Rodriguez told me that CONCACAF and CONMEBOL officials were well aware of the potential issue, and worked to avoid simultaneous games.

"They were very aware, and we were aware, and without disclosing what it's said in the contract, it's very clear that it has to be played at smart, prime times," Rodriguez said. "That makes sense for everyone. We're all building this event."

Here's more news: it's in the tournament contract that "it has to be a FIFA date." Although CONCACAF, CONMEBOL and U.S. Soccer haven't gotten FIFA's official blessing to force clubs to release their top players, Rodriguez said that tournament organizers "have committed to making it happen."

So what about venue selection? Rodriguez echoed CONCACAF president Jeffrey Webb's remarks at the event announcement that there's nothing confirmed just yet. But Rodriguez expects all of the venues to be NFL-sized stadiums. That's no surprise, given the likely huge demand for tickets.

Rodriguez told me that this is where having the U.S. Soccer Federation on board with organizing the tournament will come in handy.

"By having Sunil's team on board it will align to everybody's interest," Rodriguez said, referring to USSF president Sunil Gulati. "It's a very smart political approach from everybody to have everyone at the same table."

Webb also said at the event announcement that Fox and Univision, CONCACAF's current TV partners, were given an exclusive negotiating window for Copa América Centenario rights. Rodriguez confirmed this, and offered some insight into the discussions that took place.

"Normally what would have happened is open season for the bid," Rodriguez said. "In this specific case, [CONCACAF general secretary] Enrique Sanz and president Webb were very loyal partners to us in letting them [CONMEBOL] know that we are real partners here, so they gave us an opportunity to deal first."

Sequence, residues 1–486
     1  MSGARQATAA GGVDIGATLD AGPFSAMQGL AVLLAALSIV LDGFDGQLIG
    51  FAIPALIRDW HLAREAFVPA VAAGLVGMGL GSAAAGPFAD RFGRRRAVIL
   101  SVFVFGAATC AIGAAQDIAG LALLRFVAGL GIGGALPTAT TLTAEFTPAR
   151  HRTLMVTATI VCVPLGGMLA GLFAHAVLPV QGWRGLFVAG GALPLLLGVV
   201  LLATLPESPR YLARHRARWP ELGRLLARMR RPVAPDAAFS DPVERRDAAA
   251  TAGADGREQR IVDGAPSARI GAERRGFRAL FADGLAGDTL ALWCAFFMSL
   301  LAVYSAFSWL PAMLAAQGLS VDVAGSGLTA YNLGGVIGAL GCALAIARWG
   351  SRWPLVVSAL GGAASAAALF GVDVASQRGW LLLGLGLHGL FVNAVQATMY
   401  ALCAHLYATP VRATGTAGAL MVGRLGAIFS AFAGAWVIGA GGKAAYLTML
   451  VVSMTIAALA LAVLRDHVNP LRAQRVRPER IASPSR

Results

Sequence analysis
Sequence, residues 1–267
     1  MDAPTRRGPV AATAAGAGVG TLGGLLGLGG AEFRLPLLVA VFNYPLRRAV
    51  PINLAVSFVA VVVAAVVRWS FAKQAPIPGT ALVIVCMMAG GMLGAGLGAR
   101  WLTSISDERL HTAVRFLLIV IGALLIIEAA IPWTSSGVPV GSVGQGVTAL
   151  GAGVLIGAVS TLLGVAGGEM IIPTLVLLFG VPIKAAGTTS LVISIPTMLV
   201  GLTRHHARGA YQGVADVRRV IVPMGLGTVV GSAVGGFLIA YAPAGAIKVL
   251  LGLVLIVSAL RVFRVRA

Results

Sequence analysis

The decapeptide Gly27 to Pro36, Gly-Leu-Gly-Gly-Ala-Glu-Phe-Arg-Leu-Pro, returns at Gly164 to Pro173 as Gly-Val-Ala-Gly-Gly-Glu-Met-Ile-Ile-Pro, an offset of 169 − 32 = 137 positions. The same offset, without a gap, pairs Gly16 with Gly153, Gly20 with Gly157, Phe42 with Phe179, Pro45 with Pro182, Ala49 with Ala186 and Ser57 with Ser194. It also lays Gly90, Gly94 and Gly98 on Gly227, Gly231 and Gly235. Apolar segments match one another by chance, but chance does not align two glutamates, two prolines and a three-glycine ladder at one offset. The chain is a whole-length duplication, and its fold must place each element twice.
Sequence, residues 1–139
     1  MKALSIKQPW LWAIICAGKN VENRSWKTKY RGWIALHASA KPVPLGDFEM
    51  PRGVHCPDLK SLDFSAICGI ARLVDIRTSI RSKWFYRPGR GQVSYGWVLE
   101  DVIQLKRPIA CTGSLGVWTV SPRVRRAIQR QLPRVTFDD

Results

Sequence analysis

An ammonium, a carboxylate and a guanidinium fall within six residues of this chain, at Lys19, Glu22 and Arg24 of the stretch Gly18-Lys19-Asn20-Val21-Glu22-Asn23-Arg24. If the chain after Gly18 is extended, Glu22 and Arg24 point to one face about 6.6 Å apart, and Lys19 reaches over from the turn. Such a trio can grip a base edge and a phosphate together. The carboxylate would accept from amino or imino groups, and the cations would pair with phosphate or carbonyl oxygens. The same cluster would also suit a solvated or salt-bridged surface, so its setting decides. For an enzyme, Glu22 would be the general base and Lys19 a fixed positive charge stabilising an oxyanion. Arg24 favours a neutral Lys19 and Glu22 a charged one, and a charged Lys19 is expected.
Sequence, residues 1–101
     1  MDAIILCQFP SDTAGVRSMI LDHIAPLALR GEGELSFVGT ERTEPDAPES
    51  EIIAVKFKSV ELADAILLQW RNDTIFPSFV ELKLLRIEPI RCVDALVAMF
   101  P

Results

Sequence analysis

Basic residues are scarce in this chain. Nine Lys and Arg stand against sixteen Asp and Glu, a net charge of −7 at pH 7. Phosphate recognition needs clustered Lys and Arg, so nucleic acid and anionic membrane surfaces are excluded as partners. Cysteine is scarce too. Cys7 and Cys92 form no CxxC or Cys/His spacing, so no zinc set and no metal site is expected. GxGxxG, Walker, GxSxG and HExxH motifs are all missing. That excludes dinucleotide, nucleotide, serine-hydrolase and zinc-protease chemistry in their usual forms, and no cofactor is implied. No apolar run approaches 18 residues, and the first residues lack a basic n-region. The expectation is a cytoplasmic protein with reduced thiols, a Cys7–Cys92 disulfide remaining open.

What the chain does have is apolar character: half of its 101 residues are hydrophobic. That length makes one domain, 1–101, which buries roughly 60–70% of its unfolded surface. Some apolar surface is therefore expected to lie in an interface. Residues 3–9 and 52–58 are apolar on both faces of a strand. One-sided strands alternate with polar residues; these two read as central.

It likely helped that Univision has a longstanding relationship with CONMEBOL. The network started broadcasting the traditional Copa América in the United States in 1991, and it has had Spanish-language rights to every tournament since 2001.

The Copa Centenario rights were not part of Univision's existing deals with CONCACAF or CONMEBOL, Rodriguez told me, and the network did pay a separate rights fee. He wouldn't say what the fee was, but he called it "a fair deal."

"The number is big enough to be a very big investment, but to allow us to make money out of it," he said. "It's a win-win situation for both parties."

I followed that up by asking Rodriguez if he knew anything about where Fox stood with negotiations. He said he didn't, but added that "our friends from Fox are very smart… I'm sure they're going to nail it."

From what I've been hearing, I'd expect Fox to get a deal done. But if they somehow don't, you can expect plenty of competition, especially from ESPN and beIN Sport.

ESPN senior vice president of programming Scott Guglielmino told me at the network's World Cup press conference last week that "we always look at big rights, [and] that's obviously a terrific property."

He's as much of a soccer fan as anyone else, and is certainly thrilled by the prospect of Euro games in the afternoon and Copa América games at night.

Guglielmino cautioned, though, that the one-time nature of the event made it difficult for him to assess things right then in the moment. He also noted that ESPN has made a major investment in the Euros as the tournament's U.S. broadcaster in all languages, and he called that tournament "our focus in the summer" of 2016.

I've also heard from sources that beIN will throw its hat in the ring if it gets a chance. Right now, the network is focused on the 2015 tournament, but if the opportunity comes to bid for 2016 it sounds like they'll be interested.

Wherever the tournament broadcasts end up, you can be sure it will be a big deal. Indeed, on the day it was announced, it knocked World Cup preparations and the climax to European league seasons out of the main headlines in American soccer circles.

The excitement will only keep building between now and then.